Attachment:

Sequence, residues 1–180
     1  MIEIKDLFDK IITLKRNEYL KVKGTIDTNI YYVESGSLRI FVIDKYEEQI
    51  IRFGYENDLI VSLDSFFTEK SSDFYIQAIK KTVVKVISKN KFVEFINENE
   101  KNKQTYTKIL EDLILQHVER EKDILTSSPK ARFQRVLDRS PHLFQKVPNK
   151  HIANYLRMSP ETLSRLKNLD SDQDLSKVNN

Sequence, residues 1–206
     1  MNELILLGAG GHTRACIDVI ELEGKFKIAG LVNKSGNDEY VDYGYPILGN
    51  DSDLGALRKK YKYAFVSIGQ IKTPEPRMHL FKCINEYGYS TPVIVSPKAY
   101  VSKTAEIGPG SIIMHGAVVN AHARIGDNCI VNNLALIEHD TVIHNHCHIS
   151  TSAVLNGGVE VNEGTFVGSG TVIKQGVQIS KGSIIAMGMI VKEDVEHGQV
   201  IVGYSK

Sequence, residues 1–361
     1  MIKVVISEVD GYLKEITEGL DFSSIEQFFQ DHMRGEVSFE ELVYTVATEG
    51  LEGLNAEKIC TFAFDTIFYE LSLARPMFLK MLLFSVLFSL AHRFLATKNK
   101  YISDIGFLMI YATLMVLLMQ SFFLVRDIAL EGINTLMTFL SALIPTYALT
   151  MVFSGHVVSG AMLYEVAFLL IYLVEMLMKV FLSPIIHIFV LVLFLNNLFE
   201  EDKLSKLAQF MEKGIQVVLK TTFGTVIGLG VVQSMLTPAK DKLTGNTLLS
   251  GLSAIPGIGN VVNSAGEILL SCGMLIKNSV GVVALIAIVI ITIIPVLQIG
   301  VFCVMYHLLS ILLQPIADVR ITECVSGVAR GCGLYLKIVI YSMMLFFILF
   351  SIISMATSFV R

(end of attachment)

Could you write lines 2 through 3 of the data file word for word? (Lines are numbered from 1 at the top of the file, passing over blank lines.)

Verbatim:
     1  MIEIKDLFDK IITLKRNEYL KVKGTIDTNI YYVESGSLRI FVIDKYEEQI
    51  IRFGYENDLI VSLDSFFTEK SSDFYIQAIK KTVVKVISKN KFVEFINENE